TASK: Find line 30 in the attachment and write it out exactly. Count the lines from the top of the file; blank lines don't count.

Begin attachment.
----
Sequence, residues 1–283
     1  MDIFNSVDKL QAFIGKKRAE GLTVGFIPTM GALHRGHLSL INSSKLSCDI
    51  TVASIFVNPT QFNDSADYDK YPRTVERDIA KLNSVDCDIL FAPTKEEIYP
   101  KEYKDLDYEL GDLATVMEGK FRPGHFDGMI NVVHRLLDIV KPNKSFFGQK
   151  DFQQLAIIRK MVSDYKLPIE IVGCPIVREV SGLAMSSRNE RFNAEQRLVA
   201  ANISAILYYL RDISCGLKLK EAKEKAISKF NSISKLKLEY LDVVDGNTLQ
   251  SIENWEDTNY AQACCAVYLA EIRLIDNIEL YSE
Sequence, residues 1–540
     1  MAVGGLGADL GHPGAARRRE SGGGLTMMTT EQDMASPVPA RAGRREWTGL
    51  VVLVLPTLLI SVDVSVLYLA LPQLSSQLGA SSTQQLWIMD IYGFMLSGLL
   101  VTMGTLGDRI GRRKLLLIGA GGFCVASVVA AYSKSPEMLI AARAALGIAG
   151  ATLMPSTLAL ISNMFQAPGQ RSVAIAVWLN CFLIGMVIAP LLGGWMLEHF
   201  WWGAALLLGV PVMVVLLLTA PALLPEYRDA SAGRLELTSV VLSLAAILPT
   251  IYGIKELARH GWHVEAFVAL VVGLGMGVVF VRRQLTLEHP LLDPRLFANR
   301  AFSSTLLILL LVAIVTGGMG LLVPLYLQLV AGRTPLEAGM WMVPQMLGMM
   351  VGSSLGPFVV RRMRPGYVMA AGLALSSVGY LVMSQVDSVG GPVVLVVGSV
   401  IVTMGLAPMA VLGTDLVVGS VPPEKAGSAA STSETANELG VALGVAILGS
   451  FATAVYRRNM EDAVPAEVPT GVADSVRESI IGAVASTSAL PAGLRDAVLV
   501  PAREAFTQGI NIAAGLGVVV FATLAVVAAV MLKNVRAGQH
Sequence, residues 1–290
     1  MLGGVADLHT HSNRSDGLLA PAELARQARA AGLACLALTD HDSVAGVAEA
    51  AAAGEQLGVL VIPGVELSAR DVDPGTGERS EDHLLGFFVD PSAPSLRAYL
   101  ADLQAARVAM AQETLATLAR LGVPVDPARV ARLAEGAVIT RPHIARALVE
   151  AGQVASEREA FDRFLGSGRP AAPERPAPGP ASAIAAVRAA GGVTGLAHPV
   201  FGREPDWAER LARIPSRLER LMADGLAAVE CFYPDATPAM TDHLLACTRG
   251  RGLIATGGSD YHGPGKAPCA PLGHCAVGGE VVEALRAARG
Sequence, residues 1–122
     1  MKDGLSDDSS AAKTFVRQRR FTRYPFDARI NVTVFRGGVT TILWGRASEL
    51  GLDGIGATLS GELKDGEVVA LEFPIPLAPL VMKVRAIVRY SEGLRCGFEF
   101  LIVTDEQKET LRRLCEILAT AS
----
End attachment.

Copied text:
   101  LIVTDEQKET LRRLCEILAT AS